What is ReadiBus?

The ReadiBus service is an alternative type of bus for people with restricted mobility who cannot use ordinary public transport. The ReadiBus comes to your door and the driver provides whatever assistance you need to make independent journeys safely. 

Users of the ReadiBus span all age groups, while most are over 80 or even into their 90s. ReadiBus enables people to independently make every-day journeys such as for shopping, attending medical appointments, seeing friends and generally being able to do things for oneself. In this way, the ReadiBus service has a positive impact on physical and mental well-being and improves quality of life. The service enables people with restricted mobility to get out and about and to continue living in their own homes for as long as possible.

Background: ReadiBus service provision in West Berkshire

When it was first established 40 years ago in Reading on 19th October 1981, from the outset ReadiBus served the parts of West Berkshire (or Newbury District as it was called then) that were part of the conurbation of Reading such as the West Berkshire parts of Tilehurst and Calcot. The service was extended further into West Berkshire in 1984 with the inclusion of Purley and Theale; and further again in the 1990s, including an operating base in Newbury. 

However, West Berkshire Council reduced its funding to ReadiBus by 68% for 2019/20 (without any public consultation) and further reduced its funding again for 2020/21 – and then withheld this grant funding for the second half of the 2020/21 year when it made it a condition of its release that the Council must have the right of censorship over any public statements made by ReadiBus, which ReadiBus’ Trustees have declined to agree to. 

ReadiBus showed the goodwill to maintain service provision throughout the rest of the 2020/21 year as local residents needed it in the circumstances of the pandemic – there was nothing else that was operational that could meet their needs, particularly during the lockdown from January 2021. However, the Council not only declined to release the budgeted grant funding for the second half of 2020/21 but also informed Trustees in March 2021 that it would withhold more than half of the budgeted grant funding for 2021/22 as well.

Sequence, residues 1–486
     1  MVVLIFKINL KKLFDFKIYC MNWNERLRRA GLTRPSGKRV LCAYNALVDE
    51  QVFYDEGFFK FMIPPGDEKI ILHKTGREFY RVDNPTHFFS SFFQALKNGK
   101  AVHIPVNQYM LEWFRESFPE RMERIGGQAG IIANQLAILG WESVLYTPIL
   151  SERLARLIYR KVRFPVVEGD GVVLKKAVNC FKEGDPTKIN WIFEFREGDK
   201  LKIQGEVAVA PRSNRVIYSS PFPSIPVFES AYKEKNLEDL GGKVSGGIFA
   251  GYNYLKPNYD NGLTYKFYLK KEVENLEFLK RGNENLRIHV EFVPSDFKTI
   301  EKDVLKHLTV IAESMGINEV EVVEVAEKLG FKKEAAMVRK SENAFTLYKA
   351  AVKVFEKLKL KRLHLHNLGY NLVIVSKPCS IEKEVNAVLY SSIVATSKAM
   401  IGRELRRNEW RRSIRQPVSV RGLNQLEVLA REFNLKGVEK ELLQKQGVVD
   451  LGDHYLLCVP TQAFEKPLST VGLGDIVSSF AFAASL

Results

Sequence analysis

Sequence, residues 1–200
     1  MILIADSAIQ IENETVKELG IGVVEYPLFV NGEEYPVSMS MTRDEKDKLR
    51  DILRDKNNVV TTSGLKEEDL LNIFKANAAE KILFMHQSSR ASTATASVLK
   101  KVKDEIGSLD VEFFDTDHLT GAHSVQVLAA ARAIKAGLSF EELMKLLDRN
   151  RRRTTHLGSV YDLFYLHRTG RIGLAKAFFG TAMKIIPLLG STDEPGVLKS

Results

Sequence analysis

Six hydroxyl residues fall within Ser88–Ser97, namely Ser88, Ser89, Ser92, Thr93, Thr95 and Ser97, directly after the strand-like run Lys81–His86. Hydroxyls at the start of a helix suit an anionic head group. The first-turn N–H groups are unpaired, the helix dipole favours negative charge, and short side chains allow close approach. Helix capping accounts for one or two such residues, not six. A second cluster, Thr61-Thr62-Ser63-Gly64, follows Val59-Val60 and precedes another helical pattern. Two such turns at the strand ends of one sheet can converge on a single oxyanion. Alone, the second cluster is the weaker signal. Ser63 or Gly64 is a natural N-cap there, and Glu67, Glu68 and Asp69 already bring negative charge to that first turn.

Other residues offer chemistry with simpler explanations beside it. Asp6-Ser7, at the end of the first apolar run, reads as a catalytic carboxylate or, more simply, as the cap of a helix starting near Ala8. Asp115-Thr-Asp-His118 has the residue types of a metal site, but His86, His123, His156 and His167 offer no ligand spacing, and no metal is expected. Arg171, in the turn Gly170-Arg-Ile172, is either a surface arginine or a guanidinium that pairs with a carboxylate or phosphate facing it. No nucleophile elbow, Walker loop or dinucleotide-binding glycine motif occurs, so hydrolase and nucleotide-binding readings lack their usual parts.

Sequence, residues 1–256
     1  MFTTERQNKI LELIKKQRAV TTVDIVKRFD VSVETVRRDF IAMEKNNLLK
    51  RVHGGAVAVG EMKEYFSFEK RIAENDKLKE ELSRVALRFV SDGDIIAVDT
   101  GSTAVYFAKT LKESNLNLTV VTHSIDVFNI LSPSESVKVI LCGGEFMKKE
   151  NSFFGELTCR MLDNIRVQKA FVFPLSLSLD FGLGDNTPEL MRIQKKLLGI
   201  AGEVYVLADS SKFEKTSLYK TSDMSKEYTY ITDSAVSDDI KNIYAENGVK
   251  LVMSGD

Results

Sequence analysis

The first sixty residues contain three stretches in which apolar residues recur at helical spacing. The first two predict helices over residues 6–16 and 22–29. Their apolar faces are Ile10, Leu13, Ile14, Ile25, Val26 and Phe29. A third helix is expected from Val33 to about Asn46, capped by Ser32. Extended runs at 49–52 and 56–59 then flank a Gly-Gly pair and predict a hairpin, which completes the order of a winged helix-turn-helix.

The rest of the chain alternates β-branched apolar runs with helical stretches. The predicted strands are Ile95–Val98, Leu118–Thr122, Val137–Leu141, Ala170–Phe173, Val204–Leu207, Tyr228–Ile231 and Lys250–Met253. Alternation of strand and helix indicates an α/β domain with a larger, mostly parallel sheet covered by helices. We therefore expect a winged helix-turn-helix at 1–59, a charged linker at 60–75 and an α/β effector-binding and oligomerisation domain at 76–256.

This undermined the viability of the ReadiBus operation based in Newbury, which trustees had to terminate in April 2021 but service provision has continued on a temporary basis since then on two days per week, funded by a mixture of alternative sources including donations from the public in response to the public outcry about West Berkshire Council’s actions.

‘People needed our help to get out safely’ stated ReadiBus Chair of Trustees, Prof Sophia Bowlby. ‘There was nothing else available. If we’d stopped service provision in West Berkshire half way through 2020/21 in response to the Council’s actions in withholding the budgeted grant for the second half of the year, vulnerable local people would not have had the support of the ReadiBus service during the lockdown in January to March 2021. We had been supportive partners to the Council for nearly 40 years and had previously had such a positive relationship, we really thought that the goodwill we showed in continuing to meet residents’ needs during such a challenging time would have softened the Council’s stance and that there would have been a resolution to the obstacle of the Council requiring a right of censorship of anything that we said in public. But that didn’t happen. The Council’s continued insistence on a right of censorship as a condition for the release of budgeted grant funding undermined the viability of our operation based in Newbury. That was such a shame after so much effort throughout 2020/21 from ReadiBus staff in the most challenging of circumstances.’

ReadiBus has several times requested to meet with West Berkshire Council with a view to finding a resolution to the impasse caused by the Council requiring a clause in a proposed ‘grant agreement’ to be signed which gives the Council right of censorship over any public statements made by the charity before it releases withheld budgeted grant funding for 2020/21 and the budgeted grant funding for 2021/22.